When to visit Tarangire National Park
Compared to other parks in Tanzania like the Serengeti National Park and the Ngorongoro Crater which are year-round safari destinations, Tarangire National Park is much more seasonal. While most of the safari camps are open throughout the year, the best time to visit is the June to October period. While this is the dry season across Tanzania, Tarangire National Park provides permanent water sources which attracts large numbers of wildlife – buffalo, elephant, antelope, zebra, and wildebeest among many others. When the rains arrive in November, the wildlife begins to move out of the park. That said, the period between November and April is regarded as the best for birdwatching, as many migrant birds can be seen from Europe and North Africa. Its resident birdlife is also fantastic, with approximately one-third of Tanzania’s bird species (approximately 500 species) found inside Tarangire National Park.
Gemma our African Specialist
What safari activities can you do in Tarangire National Park?
Game drives are the main safari activity in Tarangire National Park. These are mainly done in closed 4×4 safari vehicles with a pop-up roof for sightings (as opposed to open-sided vehicles). The reason being is that Tarangire National Park is often combined with other safari destinations on a private driving itinerary. For this reason, closed vehicles are required as you are driving distances between the parks. Some safari camps and lodges offer walking safaris. These are usually done in small groups (with a maximum of 6/7 people) and last a couple of hours. Guided by an armed ranger and a professional walking safari guide, you will learn about the smaller things of the bush that are often overlooked in safari vehicles.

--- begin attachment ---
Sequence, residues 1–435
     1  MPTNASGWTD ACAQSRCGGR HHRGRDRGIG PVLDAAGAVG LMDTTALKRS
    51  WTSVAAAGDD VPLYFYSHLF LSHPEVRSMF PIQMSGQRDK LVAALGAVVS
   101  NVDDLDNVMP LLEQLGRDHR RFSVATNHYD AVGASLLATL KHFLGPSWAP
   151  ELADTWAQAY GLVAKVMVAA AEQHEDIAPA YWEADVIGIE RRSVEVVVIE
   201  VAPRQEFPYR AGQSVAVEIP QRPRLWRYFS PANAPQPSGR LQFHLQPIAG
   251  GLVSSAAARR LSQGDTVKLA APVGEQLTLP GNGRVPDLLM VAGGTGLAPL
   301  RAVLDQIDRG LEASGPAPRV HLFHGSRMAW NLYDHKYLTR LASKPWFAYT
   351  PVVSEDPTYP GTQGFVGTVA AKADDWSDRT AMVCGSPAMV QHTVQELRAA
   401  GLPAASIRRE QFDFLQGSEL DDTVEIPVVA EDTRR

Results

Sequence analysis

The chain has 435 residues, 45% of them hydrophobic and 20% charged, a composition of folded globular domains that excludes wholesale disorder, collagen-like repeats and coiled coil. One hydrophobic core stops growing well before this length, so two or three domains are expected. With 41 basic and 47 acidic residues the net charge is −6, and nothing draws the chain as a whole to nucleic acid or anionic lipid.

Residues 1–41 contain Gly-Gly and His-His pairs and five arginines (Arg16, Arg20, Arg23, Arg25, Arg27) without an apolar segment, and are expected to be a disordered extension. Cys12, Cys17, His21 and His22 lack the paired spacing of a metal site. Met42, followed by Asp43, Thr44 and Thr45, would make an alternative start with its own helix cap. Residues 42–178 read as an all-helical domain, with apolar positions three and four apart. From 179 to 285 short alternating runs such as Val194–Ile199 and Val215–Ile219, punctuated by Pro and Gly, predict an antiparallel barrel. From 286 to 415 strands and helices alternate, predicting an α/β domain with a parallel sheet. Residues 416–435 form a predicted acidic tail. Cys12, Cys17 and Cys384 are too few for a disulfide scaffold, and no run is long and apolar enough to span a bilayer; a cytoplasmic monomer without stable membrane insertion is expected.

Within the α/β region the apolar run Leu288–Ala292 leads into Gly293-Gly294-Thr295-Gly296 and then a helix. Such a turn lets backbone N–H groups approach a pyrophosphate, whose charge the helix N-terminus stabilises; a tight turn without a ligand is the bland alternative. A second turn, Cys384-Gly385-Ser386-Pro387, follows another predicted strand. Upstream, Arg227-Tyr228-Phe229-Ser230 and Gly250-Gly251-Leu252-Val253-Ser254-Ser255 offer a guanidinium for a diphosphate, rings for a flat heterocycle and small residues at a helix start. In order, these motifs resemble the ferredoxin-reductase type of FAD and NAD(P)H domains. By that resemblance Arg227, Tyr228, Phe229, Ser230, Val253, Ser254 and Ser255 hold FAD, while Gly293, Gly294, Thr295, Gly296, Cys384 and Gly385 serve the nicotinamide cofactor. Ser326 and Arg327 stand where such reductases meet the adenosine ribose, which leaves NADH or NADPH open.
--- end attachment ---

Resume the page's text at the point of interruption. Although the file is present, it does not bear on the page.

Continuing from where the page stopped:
Which destinations can you combine with a Tarangire safari?
Tarangire National Park is approximately a 3-hour drive from Kilimanjaro and Arusha town. This makes it very accessible as a starting destination for those who have flown into Kilimanjaro. From Tarangire National Park, you can combine safaris with Lake Manyara National Park, the Ngorongoro Crater, and then onto the jewel in Tanzania’s safari – the Serengeti National Park. The distances between these parks range around 3-4 hours depending on where you are staying, but the best thing about private driving safaris is that you can stop as much (or as little) as you like. You’ll pass through local Maasai villages and towns, markets, viewpoints and many more.
What is Tarangire known for?
Tarangire is known for its localized migration of animals that come into the park in the dry season, between June and October. The main draw into the park is the water source that runs through the park, which makes game viewing along the riverbank exceptional. Lion prides and other predators often reside along the banks, looking for opportunities with antelope and other animals that come to drink. The park is particularly famed for its elephant herds that reside in the park during the dry season – with numbers up to 10,000 elephants. Within this period, the park is home to the greatest concentration of wildlife outside the Serengeti National Park.